“For most young people, the school holidays are a time to rest, but for youth ballet dancers, they’re often packed full of classes, rehearsals and performances. During the Easter break, London Children’s Ballet company members were busy in the studios of English National Ballet School, putting the finishing touches to their production of Snow White. Whilst choreographer Jenna Lee offered technical and character corrections to the ballet’s Queen, other dancers stretched and chatted excitedly, and one young performer even quietly celebrated being offered a place at The Royal Ballet Lower School…”

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Also in the July issue…

Jeanette Andersen reports on Bavarian State Ballet’s Ballet and Wilderness project, staging dance in the depths of Germany’s national parks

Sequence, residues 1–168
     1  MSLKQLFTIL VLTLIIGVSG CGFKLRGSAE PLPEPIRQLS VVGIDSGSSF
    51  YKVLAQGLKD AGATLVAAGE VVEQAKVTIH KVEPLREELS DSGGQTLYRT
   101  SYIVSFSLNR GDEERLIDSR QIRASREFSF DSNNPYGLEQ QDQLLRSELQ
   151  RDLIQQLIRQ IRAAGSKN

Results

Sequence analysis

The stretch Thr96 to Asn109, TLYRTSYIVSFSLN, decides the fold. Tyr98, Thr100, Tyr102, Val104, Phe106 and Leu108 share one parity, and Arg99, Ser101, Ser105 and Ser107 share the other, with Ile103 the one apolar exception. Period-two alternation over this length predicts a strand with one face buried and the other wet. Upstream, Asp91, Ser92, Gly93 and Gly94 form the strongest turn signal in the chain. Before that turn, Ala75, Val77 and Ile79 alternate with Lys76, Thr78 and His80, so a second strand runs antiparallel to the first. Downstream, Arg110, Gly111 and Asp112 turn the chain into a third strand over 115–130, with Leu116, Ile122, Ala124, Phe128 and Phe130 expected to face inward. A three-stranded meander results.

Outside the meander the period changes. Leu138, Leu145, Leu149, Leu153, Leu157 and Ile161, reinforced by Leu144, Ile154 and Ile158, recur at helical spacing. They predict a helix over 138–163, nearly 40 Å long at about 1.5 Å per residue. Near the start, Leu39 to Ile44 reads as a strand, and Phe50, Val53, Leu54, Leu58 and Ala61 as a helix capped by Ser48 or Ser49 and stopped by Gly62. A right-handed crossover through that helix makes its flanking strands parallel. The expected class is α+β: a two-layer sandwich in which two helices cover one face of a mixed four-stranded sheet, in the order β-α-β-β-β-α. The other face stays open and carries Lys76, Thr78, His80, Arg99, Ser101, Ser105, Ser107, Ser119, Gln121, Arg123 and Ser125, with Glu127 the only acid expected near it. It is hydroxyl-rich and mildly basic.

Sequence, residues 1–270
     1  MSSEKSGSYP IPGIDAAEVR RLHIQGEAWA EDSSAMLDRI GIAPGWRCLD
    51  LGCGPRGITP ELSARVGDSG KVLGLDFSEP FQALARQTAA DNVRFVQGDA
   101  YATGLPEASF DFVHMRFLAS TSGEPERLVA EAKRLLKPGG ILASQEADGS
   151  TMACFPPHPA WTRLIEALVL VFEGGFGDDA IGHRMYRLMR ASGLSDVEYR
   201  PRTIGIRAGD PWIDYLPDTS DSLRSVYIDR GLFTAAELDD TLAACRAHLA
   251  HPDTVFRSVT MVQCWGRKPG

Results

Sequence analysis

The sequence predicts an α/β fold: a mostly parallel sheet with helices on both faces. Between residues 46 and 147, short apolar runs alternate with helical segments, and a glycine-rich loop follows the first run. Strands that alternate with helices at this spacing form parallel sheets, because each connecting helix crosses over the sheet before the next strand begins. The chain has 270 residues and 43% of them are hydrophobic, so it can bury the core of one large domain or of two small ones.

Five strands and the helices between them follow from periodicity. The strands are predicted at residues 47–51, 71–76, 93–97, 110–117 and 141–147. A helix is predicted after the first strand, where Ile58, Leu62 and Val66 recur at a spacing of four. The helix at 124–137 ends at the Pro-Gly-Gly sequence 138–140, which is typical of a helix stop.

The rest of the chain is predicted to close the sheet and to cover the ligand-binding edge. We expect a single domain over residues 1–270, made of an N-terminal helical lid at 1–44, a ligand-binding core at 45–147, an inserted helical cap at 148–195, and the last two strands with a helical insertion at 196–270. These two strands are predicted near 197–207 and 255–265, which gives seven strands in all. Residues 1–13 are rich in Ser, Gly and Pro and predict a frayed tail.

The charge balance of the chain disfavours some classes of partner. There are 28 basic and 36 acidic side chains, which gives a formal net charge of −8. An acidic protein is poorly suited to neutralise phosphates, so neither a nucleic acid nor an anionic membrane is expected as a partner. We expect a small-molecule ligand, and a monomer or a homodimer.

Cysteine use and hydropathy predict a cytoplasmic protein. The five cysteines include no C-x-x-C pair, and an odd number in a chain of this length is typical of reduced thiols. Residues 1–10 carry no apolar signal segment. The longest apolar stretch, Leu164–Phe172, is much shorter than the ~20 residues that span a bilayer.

Ginny Brown argues that there is a strong future for dance in education

Conductor Richard Bonynge speaks to Margaret Willis about his love for ballet music

David Mead reports from Elmhurst School for Dance

Debbie Malina on Stretchworks, an exercise programme developed to help dancers to avoid injury

Birmingham Royal Ballet’s Luke Schaufuss is our Dancer of the Month

U.Dance, Youth Dance England’s annual festival, focuses on integrated dance this year